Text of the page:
Every city that contains a subway also contains a number of people who would prefer to ride it without paying. The obstacles they face in that pursuit vary from grid to grid, determined by local cash-flow and attitudes. Most metropolitan governments install some variation on the AFC (Automatic Fare Collection) in their underground to ensure payment. Though the efficacy of such electronic boundaries varies with their porosity — New York’s turnstiles invite duckers and jumpers, while Singapore’s Access Control Gates crush both — all-in-all they constitute the most effective way of collecting revenue. Unfortunately, the mass installation of such devices takes a while to pay for itself, especially in cities with large subway grids and sparse populations. This consideration led my fiscally challenged hometown of Berlin to build their prevention effort around a more primitive control system: plain-clothed ticket inspectors, a method inefficient on paper and absurd in practice.
Berliners refer to these inspectors as “controllers” (Kontrolleure). They are not government officials but underpaid mercenaries, employees of a private security contractor, well-known to be a compilation of undesirables recruited from the bottom of the guardian food chain: failed bouncers, aged store detectives, veterans of the GDR’s security services.
The controllers’ main function is to obscure the fact that Berlin’s underground operates on what is essentially an honor system. They can ask you for a ticket; they can ask you to leave the train and follow them to their office and fill out the paperwork incriminating yourself; but running away from them is perfectly legal. But few people want to run away or pretend they don’t speak the controller’s language (both popular evasion techniques). In other words, the system is predicated on the notion that while a majority of the population may not be instinctively law-abiding, a majority of the population wants to be perceived that way. The ticket inspections introduce an element of shame into the honor system.
The problem with these ticket inspections is that the men and women appointed to do it are paid on a commissionary basis, meaning they receive a small bonus for every ticketless individual they catch. This incentive, and their institutionally bruised egos, adds an element of desperation to their pursuits; when their subjects make a run for it, they run, jump, trip and wrestle. While this is bad for public standards of civility, it also makes Berlin’s underground a lot more exciting — especially for children.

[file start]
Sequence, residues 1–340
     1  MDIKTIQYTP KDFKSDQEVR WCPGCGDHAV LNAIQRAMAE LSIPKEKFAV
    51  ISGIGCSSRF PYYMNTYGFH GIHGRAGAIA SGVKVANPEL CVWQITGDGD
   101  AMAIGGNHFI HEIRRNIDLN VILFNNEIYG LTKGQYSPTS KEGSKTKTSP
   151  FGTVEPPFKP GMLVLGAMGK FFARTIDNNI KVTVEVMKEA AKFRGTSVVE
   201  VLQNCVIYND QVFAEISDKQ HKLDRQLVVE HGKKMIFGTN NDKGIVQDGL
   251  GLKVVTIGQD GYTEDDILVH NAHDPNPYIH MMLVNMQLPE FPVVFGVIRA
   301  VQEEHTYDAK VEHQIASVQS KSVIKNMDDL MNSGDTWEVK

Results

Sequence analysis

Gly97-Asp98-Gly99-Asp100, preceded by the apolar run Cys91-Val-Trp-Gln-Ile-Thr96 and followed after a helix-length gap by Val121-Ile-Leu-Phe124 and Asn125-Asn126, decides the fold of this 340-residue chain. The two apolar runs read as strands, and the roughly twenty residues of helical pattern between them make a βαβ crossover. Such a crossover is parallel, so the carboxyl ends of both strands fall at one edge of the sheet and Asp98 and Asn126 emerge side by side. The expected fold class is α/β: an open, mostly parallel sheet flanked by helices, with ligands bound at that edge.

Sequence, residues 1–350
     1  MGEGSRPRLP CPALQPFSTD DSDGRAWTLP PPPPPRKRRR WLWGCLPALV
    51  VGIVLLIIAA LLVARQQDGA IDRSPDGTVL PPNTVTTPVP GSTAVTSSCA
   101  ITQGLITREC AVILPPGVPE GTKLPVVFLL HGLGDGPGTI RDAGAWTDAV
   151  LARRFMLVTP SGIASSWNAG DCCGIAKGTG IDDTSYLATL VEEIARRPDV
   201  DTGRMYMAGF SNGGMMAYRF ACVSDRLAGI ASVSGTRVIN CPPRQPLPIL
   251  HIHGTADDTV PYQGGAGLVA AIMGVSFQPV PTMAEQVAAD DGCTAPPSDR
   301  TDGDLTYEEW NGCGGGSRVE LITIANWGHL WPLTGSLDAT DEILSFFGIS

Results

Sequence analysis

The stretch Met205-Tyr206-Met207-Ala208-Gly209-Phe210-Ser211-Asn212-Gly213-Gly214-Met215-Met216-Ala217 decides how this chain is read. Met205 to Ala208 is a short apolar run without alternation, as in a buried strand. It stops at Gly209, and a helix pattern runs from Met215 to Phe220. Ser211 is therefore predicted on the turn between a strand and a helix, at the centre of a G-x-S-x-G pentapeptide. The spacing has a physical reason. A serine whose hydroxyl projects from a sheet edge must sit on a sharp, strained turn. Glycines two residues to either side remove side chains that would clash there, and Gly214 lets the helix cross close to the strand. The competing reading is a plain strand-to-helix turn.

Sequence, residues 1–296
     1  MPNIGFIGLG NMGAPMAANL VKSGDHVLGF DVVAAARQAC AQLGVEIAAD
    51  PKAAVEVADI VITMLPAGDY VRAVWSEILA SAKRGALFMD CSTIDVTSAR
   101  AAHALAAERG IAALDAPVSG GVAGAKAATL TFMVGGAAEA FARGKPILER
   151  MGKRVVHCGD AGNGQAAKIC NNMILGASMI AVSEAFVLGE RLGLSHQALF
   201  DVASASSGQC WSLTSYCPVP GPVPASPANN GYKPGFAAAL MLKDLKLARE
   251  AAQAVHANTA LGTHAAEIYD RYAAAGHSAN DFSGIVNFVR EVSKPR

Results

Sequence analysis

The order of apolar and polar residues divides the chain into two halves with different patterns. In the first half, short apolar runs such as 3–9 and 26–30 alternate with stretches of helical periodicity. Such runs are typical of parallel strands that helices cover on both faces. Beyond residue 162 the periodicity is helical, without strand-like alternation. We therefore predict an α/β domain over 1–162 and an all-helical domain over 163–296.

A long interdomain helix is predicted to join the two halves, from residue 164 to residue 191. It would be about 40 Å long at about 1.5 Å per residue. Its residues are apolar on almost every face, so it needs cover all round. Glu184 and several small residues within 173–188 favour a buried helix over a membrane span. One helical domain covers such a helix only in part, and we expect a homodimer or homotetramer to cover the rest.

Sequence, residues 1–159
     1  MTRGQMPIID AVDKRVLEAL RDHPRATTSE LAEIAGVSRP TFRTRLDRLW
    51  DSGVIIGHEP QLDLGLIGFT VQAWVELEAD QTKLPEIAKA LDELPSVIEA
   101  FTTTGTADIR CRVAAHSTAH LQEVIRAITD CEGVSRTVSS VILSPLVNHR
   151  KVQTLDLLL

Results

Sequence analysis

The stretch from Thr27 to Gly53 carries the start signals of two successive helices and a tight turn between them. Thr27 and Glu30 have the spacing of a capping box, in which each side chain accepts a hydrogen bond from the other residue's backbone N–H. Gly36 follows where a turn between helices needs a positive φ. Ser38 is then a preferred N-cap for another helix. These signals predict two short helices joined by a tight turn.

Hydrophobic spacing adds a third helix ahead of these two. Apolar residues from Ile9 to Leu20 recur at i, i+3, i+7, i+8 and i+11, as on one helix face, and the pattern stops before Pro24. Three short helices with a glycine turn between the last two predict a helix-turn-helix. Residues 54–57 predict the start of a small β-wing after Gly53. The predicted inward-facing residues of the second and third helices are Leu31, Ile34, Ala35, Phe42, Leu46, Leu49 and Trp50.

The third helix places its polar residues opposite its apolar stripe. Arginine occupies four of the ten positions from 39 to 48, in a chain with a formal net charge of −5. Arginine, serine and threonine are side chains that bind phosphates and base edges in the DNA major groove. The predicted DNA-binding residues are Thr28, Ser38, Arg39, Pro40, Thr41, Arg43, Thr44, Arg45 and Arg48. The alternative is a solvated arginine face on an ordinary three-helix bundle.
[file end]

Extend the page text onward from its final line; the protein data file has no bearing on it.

To those who engage in it habitually, fare evasion is a sport. By the age of ten, I understood its mathematics: 50 Marks extra allowance meant I had to keep a close eye on every passenger who entered the train. Ticket inspectors, as a rule:
- rolled in twos.
- wore plainclothes but not plain clothes.
- never carried bags.
- either boarded the subway separately or in unlikely combinations: salafist and old butch, social worker and hells angel, skinhead and Peruvian flutist.
But that system wasn’t perfect, so eventually I learned to run. My best friend J and I had a routine: we pretended not to know each other as they removed us from the train, and when one of us pretended to find his ticket, the other dashed. This became more difficult as we grew older; the controllers assumed, rightly, that we could take more.
When I was 14, a controller kicked my hind leg in full sprint, and I tripped sideways into the tracks. I scrambled up, propelled by the thought of subway rats and the sound of adult Germans screaming down at me, my hand squashed and bloodied, and kept running into the tunnel. According to the story I told my friends later, I emerged triumphantly at the next stop with two broken fingers. In truth, I chickened out when it got too dark and turned back. The chubby inspectors were relieved to see me reemerge. I expected abuse, but instead received an informal apology and a Döner Kebab in return for my silence.
Years later, in 2011, after I’d moved away, Berlin’s transport corporation (BVG) announced a “shift in mentality” and phased out plain-clothed controllers, promising friendlier, more professional ones. “We don’t need to work undercover!” Sigrid Nikutta, its CEO, declared. “We must demonstrate presence.” This was a pragmatic choice given the city’s dependence on tourism and the legacy of red-faced German thugs demanding people’s papers, but from my new home in New York I couldn’t help but feel that Berlin was losing a bit of its character. Luckily, the experiment in civility didn’t last very long. Seeing that uniformed inspectors were only catching half as many fare dodgers (Schwarzfahrer, in German; literally, black drivers), the BVG reversed course, and, starting in 2013, Berlin’s underground mercenaries were given green light to play dress-up again.
Photos by Alexander Rentsch. Image license: CC.